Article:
La Rocca di S. Leonardo (the Rock of St Leonard) and the ruins of the Castle are clearly visible to travellers along the Via Flaminia whether they’re coming from Rome or from Umbria.
On this plateau, that at 90 metres above sea level stretches like a finger towards the Tiber Valley, traces of human presence date back to the dawn of time.
Ancient eyes rested their gaze some times in fear others with delight upon these vast surroundings – from the plains of Ramelli (east), Lucciano (west) and Campana (north) to the nearby Sabine Mountains. The village of Magliano Sabina lies right on the other bank of the Tiber, that meanders lazily along a course redesigned by humans to harness its sudden fury.
Information on the history of the Castle is rather elusive, hiding behind the thick vegetation that covers the ruins almost entirely. The land upon which they rise could tell us many a tale but for the moment they can’t be disturbed and travellers can only lose themselves in this evocative and ever-changing play of light and shadow.
The Castle was probably built to watch over river and, more so, land traffic. An intricate road network is still visible today at the foot of the Rocca and throughout the territory visible from it. And if one considers that the lookouts availed themselves of a tower more than 40 metres high…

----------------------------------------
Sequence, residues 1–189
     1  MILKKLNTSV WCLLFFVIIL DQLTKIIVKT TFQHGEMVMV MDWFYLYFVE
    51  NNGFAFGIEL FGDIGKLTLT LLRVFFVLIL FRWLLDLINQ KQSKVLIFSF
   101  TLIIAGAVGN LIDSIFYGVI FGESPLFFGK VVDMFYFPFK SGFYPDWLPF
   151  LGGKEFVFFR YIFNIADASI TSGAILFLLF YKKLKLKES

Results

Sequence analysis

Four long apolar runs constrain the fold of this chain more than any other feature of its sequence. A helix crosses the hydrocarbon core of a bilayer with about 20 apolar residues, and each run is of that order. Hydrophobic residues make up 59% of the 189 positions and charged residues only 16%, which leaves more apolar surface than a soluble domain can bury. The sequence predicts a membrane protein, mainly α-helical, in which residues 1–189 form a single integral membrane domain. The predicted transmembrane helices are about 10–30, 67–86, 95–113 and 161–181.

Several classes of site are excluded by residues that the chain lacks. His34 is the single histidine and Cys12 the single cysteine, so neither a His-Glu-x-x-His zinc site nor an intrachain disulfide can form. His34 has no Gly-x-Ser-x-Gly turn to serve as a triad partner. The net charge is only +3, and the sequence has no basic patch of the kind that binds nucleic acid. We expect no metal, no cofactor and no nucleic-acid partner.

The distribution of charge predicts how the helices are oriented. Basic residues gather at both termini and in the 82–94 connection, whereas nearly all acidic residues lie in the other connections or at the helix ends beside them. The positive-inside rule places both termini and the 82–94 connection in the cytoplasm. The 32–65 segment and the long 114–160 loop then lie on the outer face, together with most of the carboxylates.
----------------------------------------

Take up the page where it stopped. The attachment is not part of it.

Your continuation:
During the years 1999-2000, the Castle was studied as part of a graduation thesis at an advanced school “for the investigation and restoration of monuments”. The subsequent reconstruction has been made possible only thanks to the generosity of the researchers involved, namely architects V. Fasolo, S. Emanuele and D. Otarola, who authorised the use of their information.
Although the area has been inhabited since time immemorial, its history is in many respects still unknown. Hence one has to proceed relying on a rather incomplete picture – precious little is left of the many and diverse artefacts that once upon a time were found here, at the core of everyday life, as revealed by documents and drawings. Historical evolution has gradually moved from the Via Flamina settlement to the current Borghetto, which started developing from the 15th century onwards.
Today, the entire area of the Castle and the old settlement are included in the Parco del Sarapollo, and that is within the boundaries of the farm.
Whilst strolling in the Park, amidst vegetation-covered ruins, surrounded by plants and animals, one has the opportunity to live the present with the help of the past, and imagine a possible future.